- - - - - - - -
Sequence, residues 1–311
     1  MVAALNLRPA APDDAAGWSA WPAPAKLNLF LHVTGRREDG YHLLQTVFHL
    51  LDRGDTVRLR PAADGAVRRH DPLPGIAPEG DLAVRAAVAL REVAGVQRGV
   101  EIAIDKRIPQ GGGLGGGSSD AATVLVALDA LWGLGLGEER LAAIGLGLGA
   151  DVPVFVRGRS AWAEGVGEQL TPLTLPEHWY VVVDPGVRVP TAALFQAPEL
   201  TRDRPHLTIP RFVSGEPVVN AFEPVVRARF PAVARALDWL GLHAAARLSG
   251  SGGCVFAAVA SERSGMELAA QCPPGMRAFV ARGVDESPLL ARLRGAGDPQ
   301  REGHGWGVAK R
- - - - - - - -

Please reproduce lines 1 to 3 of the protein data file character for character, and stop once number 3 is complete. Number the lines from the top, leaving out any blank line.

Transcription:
Sequence, residues 1–311
     1  MVAALNLRPA APDDAAGWSA WPAPAKLNLF LHVTGRREDG YHLLQTVFHL
    51  LDRGDTVRLR PAADGAVRRH DPLPGIAPEG DLAVRAAVAL REVAGVQRGV